January is a great time to prune the prickly gooseberry bushes particularly if they have got a bit over grown.
In late November I planted several new varieties of gooseberry bush as I am looking for more fruit (and fruit pies). These plants do not need any pruning until next year and then only very light pruning. Never the less I have had a good look to make sure that there are no damaged branches to trim and I will check again if we get some heavy snow.
Gooseberry Bush Information
Gooseberries are one of the earliest fruit crops in the UK.
Fruit comes after insignificant flowers on numerous spurs (little side shoots).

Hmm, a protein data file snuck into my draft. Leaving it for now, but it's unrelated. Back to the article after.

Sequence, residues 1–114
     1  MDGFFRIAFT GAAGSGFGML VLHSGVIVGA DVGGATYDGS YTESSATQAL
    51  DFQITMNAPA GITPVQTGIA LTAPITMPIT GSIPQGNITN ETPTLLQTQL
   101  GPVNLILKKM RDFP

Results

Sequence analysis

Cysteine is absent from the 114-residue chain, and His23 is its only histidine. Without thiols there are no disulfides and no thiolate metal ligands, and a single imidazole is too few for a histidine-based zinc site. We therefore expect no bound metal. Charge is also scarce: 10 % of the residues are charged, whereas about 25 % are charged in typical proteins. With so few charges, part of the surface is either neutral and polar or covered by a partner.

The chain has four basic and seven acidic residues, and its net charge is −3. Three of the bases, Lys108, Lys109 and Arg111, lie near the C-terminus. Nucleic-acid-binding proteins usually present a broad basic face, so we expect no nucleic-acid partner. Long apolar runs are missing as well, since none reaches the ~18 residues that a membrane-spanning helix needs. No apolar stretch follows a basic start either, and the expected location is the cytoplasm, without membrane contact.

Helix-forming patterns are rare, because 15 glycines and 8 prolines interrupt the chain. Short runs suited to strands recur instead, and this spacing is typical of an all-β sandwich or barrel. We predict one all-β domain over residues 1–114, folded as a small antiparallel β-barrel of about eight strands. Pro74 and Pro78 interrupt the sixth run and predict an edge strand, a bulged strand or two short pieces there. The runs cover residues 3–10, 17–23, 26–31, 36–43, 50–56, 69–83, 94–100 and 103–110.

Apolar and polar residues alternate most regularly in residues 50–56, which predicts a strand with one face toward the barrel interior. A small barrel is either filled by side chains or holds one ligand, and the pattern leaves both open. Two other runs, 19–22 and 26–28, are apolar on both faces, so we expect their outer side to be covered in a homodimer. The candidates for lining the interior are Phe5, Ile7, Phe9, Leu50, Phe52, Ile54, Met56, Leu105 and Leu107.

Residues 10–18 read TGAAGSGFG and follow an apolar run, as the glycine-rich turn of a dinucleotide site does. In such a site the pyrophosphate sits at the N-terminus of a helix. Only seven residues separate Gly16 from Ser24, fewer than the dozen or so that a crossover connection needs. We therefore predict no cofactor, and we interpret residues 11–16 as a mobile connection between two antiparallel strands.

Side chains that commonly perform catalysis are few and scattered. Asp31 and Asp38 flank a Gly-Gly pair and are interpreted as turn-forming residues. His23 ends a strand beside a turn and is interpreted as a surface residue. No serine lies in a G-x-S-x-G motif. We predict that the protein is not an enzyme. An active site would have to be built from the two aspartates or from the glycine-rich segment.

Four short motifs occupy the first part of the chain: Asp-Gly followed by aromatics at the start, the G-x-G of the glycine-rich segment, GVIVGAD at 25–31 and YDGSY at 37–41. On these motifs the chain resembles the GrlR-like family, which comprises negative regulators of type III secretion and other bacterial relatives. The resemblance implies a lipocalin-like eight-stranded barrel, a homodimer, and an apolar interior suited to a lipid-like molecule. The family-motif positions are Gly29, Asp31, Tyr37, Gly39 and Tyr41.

To minimise mildew grow a bush with an open branch network.
Pruning Gooseberry Bushes
Use sharp secateurs
Cut the leaders (main large stems) by half their length.
Cut laterals (side branches) back to two or three buds. This encourages more fruiting spurs.
Create an open framework and an open crown.
Advantages of Gooseberry Bushes
Prunings can root quite easily to grow more bushes.
Bushes are normally quite long lived.
Gooseberries fertilise themselves so even a single bush can grow a crop of over 10lbs of fruit.
Bushes will grow in light shade and tolerate cold.
Bushes can be grown as standards.
Varieties of Gooseberry Bush
I have just planted Hinnomaki yellow and red varieties.
Leveller is an old variety with sharp tasting yellow/green fruit.
Pax is a spineless bush with fruit that can be eaten uncooked.
Whinhams industry is a hairy reddish variety.
Invicta has an agm
My Lancashire Lad is a heritage variety that fruits red.
Latin name Ribes uva-crispa